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Hello. Which is better: THIS: s.h
#ifndef S_H
#define S_H

#include <iostream>
#include <vector>
#include <...>

void sayHi();

#endif


s.cpp
#include "s.h"

sayHi()
{
std::cout << "Hi!\n";
}


OR s.h
#ifndef S_H
#define S_H

void sayHi();

#endif


s.cpp
#include <iostream>
#include <vector>
#include <...>

#include "s.h"

sayHi()
{
std::cout << "Hi!\n";
}


Which is better and why? [Edited by - sheep19 on October 14, 2008 10:55:38 AM]

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None - because you're not using any std::vector in your .cpp file, so including <vector> makes no sense. ;)

Now, for a more serious answer, I'd choose the latter, because it's only including headers where they are actually used. In the former case, any other .cpp file that includes your header also gets the iostream and vector headers included. But it doesn't need them - it only needs to know about your SayHi() function.

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B)

You should, as a matter of style really, always explictly include files. Your headers should be as highly cohesive and as low coupling as possible. The header should compile on its own, and should only include anything necessary for it to compile on its own.

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Clearly the second version.

The less your headers include, the less you have to recompile if you change something, which will save you a lot of time.

Also, there's less of a danger of cyclic includes.

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As a programmer, I have my expectations. If you have a module Foo in a header file Foo.h, then I expect to write a simple #include "Foo.h" and be able to work with the module Foo.

Sure, if Foo interacts with Bar, I can accept that I have to also #include "Bar.h" to use Bar. But I shouldn't have to include it if I don't use Bar in my own code.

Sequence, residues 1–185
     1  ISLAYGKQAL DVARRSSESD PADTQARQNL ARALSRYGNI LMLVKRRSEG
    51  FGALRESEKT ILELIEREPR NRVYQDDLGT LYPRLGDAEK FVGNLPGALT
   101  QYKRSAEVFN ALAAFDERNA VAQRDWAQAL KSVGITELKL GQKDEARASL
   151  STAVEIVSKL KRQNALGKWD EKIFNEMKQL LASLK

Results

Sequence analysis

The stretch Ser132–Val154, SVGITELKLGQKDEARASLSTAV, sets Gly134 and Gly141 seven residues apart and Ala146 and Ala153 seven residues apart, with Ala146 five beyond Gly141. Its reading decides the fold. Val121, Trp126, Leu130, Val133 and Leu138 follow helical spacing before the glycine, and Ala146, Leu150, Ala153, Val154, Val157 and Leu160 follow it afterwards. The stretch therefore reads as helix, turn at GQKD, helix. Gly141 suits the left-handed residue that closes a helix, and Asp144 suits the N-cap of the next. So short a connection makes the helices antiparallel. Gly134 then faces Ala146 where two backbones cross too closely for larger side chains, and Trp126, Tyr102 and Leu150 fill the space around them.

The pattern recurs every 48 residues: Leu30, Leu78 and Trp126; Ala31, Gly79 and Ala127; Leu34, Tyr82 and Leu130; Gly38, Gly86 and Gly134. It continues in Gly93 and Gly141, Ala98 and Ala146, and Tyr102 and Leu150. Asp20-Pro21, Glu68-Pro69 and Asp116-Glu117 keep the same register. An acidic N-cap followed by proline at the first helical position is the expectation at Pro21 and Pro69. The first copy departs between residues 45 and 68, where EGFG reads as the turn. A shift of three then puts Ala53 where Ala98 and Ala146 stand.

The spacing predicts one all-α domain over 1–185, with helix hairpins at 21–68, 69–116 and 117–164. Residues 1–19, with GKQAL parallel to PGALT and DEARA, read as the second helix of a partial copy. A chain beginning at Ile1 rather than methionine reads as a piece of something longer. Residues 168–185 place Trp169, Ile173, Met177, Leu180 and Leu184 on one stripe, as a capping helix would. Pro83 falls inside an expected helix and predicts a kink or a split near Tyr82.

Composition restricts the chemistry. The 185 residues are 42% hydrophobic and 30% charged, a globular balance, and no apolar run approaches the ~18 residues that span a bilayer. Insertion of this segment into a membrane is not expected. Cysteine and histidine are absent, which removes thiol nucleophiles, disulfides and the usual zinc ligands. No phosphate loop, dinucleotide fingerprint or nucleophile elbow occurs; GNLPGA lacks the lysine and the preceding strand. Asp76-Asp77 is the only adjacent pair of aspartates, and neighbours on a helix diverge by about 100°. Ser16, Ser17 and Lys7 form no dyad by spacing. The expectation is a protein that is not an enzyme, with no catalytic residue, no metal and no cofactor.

The basic rule is: Your file should not cause a compile error if it's included alone. As long as you respect this rule, make sure to put as few headers as possible in any file.

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Wouldn't this be solved by a quick application of std::string, std::copy, std::stringstream, std::vector and std::shuffle?

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Quote:
 Original post by sheep19Hi. I've got another problem, I've updated the original post.

Please don't do this in the future, it makes the thread much harder to follow (similarly, don't mark threads as "solved"). It's perfectly acceptable to continue discussion later in the thread, or if you feel you need more visibility on the question, creating a new thread entirely.

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Editing your original post isn't a great idea in my opinion. It breaks the "flow" of the forum. For example, I saw that this topic had received some more replies since I had last seen it. The first thing I do is scroll down to roughly where I had been. A few posts later, I am instructed to go back to the top?

I think either of these is better
* Start a new topic (makes sense in this situation, the two questions are unrelated).* Just post your question as a reply towards the end of the other thread.

Finally, using [solved] (or similar) tends to be frowned on here.

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